At noon the cavalcade ahead halted near a cabin and corral, which turned out to be a sheep ranch belonging to Hutter. Here Glenn was so busy that he had no time to devote to Carley. And Flo, who was more at home on a horse than on the ground, rode around everywhere with the men. Most assuredly Carley could not pass by the chance to get off Spillbeans and to walk a little. She found, however, that what she wanted most was to rest. The cabin was deserted, a dark, damp place with a rank odor. She did not stay long inside.
Rain and snow began to fall, adding to what Carley felt to be a disagreeable prospect. The immediate present, however, was cheered by a cup of hot soup and some bread and butter which the herder Charley brought her. By and by Glenn and Hutter returned with Flo, and all partook of some lunch.
All too soon Carley found herself astride the mustang again. Glenn helped her don the slicker, an abominable sticky rubber coat that bundled her up and tangled her feet round the stirrups. She was glad to find, though, that it served well indeed to protect her from raw wind and rain.
“Where do we go from here?” Carley inquired, ironically.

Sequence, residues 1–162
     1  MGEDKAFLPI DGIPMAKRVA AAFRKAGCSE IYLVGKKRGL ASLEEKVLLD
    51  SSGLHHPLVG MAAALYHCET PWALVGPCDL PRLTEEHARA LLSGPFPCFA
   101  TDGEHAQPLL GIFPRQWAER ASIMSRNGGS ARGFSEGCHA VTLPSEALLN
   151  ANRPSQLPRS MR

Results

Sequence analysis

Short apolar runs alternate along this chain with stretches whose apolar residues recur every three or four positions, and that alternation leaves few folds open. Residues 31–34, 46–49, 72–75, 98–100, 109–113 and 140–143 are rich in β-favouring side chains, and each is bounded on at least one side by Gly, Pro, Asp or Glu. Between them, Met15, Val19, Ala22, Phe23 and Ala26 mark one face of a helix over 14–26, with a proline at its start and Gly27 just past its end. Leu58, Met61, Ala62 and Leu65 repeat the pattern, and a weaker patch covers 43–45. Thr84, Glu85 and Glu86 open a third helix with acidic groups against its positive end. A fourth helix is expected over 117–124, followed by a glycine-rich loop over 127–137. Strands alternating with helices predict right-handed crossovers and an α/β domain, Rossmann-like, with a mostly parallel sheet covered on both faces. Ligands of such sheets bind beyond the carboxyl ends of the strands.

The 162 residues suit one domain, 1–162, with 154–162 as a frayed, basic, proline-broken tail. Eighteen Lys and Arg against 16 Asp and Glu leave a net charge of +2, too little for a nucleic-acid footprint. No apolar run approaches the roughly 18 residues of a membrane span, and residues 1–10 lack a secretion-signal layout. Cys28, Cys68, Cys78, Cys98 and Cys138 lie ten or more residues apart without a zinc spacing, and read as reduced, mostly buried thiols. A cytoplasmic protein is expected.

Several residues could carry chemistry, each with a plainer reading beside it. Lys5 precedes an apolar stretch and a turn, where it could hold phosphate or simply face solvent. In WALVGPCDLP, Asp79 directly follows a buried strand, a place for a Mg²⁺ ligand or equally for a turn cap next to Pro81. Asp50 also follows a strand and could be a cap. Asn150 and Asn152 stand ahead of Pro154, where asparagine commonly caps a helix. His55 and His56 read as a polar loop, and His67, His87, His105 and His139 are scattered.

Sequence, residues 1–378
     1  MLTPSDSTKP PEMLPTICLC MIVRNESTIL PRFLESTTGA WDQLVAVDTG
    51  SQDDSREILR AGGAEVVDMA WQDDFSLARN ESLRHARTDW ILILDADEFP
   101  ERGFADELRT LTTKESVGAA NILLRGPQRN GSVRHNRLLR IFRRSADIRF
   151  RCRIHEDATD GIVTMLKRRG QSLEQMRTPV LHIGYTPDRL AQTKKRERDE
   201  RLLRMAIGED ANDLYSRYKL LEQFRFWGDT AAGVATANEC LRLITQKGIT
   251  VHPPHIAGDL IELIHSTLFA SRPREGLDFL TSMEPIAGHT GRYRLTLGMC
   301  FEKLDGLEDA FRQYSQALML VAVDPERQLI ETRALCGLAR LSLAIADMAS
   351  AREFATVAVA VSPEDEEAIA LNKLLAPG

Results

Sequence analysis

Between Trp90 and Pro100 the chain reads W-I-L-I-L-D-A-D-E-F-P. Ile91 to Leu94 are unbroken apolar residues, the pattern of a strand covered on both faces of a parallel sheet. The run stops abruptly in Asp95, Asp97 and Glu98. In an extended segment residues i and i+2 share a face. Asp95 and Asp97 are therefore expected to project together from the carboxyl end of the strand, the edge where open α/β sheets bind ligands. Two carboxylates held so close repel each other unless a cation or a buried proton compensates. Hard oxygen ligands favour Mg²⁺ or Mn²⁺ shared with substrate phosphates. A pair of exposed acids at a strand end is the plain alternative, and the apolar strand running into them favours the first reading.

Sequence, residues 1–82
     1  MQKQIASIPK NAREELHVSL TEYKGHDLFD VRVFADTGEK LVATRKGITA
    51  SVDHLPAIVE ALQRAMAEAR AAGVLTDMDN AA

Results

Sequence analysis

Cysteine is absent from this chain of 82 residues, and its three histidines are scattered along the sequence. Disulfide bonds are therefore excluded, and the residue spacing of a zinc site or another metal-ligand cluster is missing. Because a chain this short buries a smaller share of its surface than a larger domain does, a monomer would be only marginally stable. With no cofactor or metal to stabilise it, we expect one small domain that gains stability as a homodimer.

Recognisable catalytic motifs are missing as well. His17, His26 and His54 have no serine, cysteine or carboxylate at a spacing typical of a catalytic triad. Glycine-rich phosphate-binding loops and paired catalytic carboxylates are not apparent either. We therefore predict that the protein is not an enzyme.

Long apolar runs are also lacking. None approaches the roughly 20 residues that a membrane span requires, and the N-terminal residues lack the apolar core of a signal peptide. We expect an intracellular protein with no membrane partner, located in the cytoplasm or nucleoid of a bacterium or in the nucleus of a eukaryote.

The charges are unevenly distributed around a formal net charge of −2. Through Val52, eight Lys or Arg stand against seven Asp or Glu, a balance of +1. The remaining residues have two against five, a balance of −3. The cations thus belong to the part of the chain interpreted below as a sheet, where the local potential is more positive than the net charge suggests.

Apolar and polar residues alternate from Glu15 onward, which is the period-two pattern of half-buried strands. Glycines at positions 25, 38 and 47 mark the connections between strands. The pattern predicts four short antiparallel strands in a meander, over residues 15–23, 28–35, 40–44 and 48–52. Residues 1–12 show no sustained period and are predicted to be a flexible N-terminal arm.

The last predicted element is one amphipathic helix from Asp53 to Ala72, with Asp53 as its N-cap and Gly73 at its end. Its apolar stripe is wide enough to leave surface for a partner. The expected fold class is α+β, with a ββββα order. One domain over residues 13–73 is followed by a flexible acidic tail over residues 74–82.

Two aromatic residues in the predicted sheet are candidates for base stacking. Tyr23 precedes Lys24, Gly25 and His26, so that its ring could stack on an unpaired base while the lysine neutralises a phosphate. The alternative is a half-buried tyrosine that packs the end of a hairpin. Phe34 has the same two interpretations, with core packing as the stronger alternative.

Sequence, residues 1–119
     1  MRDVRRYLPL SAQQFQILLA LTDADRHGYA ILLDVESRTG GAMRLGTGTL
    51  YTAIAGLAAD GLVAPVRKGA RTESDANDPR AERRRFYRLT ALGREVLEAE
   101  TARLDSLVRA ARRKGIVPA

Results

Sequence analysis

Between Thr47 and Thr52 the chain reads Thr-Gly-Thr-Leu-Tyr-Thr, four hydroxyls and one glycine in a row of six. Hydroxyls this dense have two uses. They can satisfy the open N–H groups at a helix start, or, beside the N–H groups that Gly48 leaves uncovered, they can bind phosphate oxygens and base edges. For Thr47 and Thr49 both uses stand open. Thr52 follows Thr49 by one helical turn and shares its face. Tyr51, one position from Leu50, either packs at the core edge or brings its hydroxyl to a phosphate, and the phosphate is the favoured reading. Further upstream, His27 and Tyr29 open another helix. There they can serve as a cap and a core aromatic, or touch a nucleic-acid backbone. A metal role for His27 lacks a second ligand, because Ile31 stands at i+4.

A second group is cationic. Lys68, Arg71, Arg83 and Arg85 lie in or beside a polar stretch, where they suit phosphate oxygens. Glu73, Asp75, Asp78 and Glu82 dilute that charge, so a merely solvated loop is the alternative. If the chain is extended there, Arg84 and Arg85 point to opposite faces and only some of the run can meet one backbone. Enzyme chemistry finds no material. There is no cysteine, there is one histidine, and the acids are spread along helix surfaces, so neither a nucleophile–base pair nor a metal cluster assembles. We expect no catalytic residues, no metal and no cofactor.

Glenn laughed in a way which proved to Carley that he knew perfectly well how she felt. Again his smile caused her self-reproach. Plain indeed was it that he had really expected more of her in the way of complaint and less of fortitude. Carley bit her lips.
Thus began the afternoon ride. As it advanced the sky grew more threatening, the wind rawer, the cold keener, and the rain cut like little bits of sharp ice. It blew in Carley’s face. Enough snow fell to whiten the open patches of ground. In an hour Carley realized that she had the hardest task of her life to ride to the end of the day’s journey. No one could have guessed her plight. Glenn complimented her upon her adaptation to such unpleasant conditions. Flo evidently was on the lookout for the tenderfoot’s troubles. But as Spillbeans, had taken to lagging at a walk, Carley was enabled to conceal all outward sign of her woes. It rained, hailed, sleeted, snowed, and grew colder all the time. Carley’s feet became lumps of ice. Every step the mustang took sent acute pains ramifying from bruised and raw places all over her body.
Once, finding herself behind the others and out of sight in the cedars, she got off to walk awhile, leading the mustang. This would not do, however, because she fell too far in the rear. Mounting again, she rode on, beginning to feel that nothing mattered, that this trip would be the end of Carley Burch. How she hated that dreary, cold, flat land the road bisected without end. It felt as if she rode hours to cover a mile. In open stretches she saw the whole party straggling along, separated from one another, and each for himself. They certainly could not be enjoying themselves. Carley shut her eyes, clutched the pommel of the saddle, trying